Brand Obama, President or Private Brand?

obama-tieThe inauguration is tomorrow and the story is everywhere, Obama as brand so I could not help but collect a few of the brand related stories they make for an interesting read. Everything that you can imagine both sanctioned and unsanctioned is popping up with Obama’s name, logo or image, whether you want Obama Beer or Obama Hot Sauce, you should be able to find it.

It will be interesting to see how Obama the clearly defined and positioned brand for the campaign evolves into a President.

Brand in Chief:
A Bazaar Like No Other

WHEN Barack Obama is sworn in as president on Tuesday, opportunities to obtain souvenirs of that historic moment will abound as never before. In addition to traditional and somewhat staid items like inaugural medallions, crystal bowls and plates, neckties, cuff links and scarves, the multitudes expected to be in the market for a keepsake will also be able to buy an Obama bobble-head doll and even an Obama hot sauce.

obama-hot-sauceObama-brand beer in storage for Inauguration Day celebrations

New York, Jan 9 : A beer named after President-elect Barack Obama,which Red Hook-based Six Point Craft Ales stopped selling after Election Day, has been tucked away by some barkeepers for Inauguration Day celebrations.

Sheldon Alberts: Brand Obama, A One Man Boon to the U.S. Economy

On the coldest morning Washington has seen in a decade, Mohammed Abdullah stands shivering outside Union Station, hawking iron-on Barack Obama clothing patches and homemade compact discs of the president-elect’s most famous speeches.

He’s asking $5 for the CDs and has a “three for $10 special” on the patches, but is willing to negotiate.

“Why am I doing this? Because it’s an opportunity to make honest money,” says the 55-year-old Philadelphian, who arrived in D.C. last week and isn’t leaving town until he’s sold out of merchandise. “Plus, it’s a part of history that I don’t know will ever be repeated again. I’d like to be part of that history.”

In those few sentences, Abdullah neatly summarized the entrepreneurial motivations driving one of the few growth areas of the U.S. economy: The trade in anything and everything associated with Barack Obama.

obama-sodaObama soda leads 7-Eleven into new era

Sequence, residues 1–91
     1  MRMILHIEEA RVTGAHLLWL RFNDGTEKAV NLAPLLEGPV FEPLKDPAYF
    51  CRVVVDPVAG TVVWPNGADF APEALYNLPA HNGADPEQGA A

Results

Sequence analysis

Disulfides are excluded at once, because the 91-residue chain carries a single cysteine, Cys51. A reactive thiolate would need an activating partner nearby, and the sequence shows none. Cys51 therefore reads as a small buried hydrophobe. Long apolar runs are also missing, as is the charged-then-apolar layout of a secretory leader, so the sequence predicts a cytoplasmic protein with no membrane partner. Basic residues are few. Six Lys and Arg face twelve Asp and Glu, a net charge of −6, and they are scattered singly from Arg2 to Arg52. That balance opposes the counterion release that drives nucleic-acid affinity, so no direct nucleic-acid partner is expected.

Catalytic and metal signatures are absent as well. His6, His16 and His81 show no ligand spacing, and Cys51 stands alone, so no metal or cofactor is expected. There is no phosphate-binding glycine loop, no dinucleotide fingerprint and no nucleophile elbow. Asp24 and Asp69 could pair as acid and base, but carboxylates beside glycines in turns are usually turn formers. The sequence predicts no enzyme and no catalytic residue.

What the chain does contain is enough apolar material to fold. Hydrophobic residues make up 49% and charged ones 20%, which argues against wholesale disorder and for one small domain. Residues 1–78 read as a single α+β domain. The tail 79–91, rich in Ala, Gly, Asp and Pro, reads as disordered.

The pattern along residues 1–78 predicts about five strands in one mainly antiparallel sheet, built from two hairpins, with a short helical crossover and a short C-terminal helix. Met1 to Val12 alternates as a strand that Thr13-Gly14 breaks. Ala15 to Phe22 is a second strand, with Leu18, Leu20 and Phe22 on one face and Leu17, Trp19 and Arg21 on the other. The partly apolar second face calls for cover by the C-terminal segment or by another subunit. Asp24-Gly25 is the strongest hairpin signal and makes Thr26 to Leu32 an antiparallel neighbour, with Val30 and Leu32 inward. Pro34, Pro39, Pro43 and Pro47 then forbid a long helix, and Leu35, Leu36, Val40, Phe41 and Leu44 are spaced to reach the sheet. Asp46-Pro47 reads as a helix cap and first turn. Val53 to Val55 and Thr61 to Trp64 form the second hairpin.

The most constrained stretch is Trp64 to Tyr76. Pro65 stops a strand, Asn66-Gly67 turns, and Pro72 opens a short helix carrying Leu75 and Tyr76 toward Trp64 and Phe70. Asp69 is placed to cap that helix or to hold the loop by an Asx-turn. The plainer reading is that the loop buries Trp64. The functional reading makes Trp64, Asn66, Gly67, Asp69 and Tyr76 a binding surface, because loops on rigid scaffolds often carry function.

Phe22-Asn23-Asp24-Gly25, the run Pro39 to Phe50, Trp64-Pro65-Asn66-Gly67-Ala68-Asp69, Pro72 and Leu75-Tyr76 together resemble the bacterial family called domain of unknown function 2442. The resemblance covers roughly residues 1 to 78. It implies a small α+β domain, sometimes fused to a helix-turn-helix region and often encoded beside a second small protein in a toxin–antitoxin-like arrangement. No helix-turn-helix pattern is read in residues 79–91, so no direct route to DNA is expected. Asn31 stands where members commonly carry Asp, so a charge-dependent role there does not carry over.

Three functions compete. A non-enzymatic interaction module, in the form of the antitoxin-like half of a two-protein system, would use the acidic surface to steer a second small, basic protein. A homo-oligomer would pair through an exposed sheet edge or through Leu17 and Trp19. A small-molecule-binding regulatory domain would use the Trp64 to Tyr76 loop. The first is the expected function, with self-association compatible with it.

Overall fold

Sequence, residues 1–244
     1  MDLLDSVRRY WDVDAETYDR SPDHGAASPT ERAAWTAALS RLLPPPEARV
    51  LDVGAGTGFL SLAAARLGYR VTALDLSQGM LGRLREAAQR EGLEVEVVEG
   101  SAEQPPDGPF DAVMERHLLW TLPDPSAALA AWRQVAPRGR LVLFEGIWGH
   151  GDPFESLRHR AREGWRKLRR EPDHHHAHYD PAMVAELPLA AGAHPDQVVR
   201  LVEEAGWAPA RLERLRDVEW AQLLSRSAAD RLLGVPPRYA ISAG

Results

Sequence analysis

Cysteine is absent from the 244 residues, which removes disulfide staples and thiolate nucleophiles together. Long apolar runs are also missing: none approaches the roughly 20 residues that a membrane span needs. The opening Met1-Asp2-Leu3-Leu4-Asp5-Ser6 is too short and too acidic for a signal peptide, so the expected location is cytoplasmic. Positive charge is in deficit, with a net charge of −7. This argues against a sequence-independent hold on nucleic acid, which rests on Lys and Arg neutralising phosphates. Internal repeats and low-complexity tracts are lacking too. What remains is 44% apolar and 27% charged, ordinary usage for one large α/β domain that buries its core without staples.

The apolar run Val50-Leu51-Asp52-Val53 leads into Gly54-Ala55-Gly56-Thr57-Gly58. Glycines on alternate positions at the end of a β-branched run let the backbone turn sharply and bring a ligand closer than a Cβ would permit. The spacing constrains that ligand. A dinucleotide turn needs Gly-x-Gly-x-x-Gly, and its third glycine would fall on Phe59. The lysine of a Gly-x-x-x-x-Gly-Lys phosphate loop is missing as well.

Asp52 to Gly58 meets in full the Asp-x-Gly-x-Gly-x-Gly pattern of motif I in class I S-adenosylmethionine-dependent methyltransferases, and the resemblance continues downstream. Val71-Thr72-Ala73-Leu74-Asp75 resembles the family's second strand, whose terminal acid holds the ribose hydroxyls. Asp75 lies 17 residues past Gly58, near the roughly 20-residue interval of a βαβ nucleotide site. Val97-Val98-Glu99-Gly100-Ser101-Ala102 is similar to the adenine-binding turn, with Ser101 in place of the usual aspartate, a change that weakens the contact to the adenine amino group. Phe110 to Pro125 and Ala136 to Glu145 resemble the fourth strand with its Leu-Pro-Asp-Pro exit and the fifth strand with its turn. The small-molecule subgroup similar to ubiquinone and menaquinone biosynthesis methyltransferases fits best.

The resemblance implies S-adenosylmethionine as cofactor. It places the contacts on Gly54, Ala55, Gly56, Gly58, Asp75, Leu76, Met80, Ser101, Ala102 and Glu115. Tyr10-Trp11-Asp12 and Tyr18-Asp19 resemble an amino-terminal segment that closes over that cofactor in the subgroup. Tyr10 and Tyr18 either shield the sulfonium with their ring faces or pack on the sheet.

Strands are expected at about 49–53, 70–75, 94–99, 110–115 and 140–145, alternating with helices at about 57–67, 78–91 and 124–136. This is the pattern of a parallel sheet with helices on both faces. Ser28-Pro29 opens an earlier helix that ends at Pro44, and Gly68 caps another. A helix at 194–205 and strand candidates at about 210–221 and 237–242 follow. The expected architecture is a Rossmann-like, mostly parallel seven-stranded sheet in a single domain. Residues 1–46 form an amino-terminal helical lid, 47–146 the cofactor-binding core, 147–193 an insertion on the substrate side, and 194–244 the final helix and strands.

If you are hosting an inauguration party Tuesday, then you might want to visit your local 7-Eleven to pick up your Obama gear.

Hot on the shelves is Jones Soda’s Orange “You Glad for Change” Cola, which has Obama’s picture on the label.

The Brand Called Obama

“Barack Obama is three things you want in a brand,” says Keith Reinhard, chairman emeritus of DDB Worldwide. “New, different, and attractive. That’s as good as it gets.” Obama has his greatest strength among the young, roughly 18 to 29 years old, that advertisers covet, the cohort known as millennials — who will outnumber the baby boomers by 2010. They are black, white, yellow, and various shades of brown, but what they share — new media, online social networks, a distaste for top-down sales pitches — connects them more than traditional barriers, such as ethnicity, divide them.

Thoughts on the Obama Brand

It’s been obvious for some  time that Obama is a brand. I didn’t realize how comprehensive and integrated his brand was until I began to do some research. Seems that experts in the marketing and design field are so impressed they’ve been scratching their heads in awe at how meticulously controlled his messages were during the campaign. Folks in marketing and design need to read this Newsweek article if you haven’t already seen it. Though it’s from Feb. 2008, it’s still fresh and contains insight into Obama as a manager.

Thanks to Rudloff for the Pic of Jones Obama Soda.

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Christopher Durham is the president of My Private Brand and the co-founder of The Vertex Awards. He is a strategist, author, consultant and retailer who built brands at Delhaize-owned Food Lion, and lead strategy and brand development for Lowe’s Home Improvement. He has consulted with retailers around the world on their private brand portfolios including: Family Dollar, Petco, Staples, Office Depot, Best Buy, Metro (Canada), TLW (Taiwan) and Hola (Taiwan). Durham has published five definitive books on private brands, including his first book, Fifty2: The My Private Brand Project. In 2017, he will debut his newest book, Vanguard: Vintage Originals, a visual tour of innovation and disruption in private brand going back to the mid-1800’s. Dynamic in his presentation while down to earth and frank in his opinions, he has presented at numerous conferences, including FUSE, The Dieline Conference, Packaging that Sells, Omnishopper and PLMA’a annual trade show in Chicago. Durham lives in Charlotte, NC with his wife, Laraine, and two daughters, Olivia and Sarah.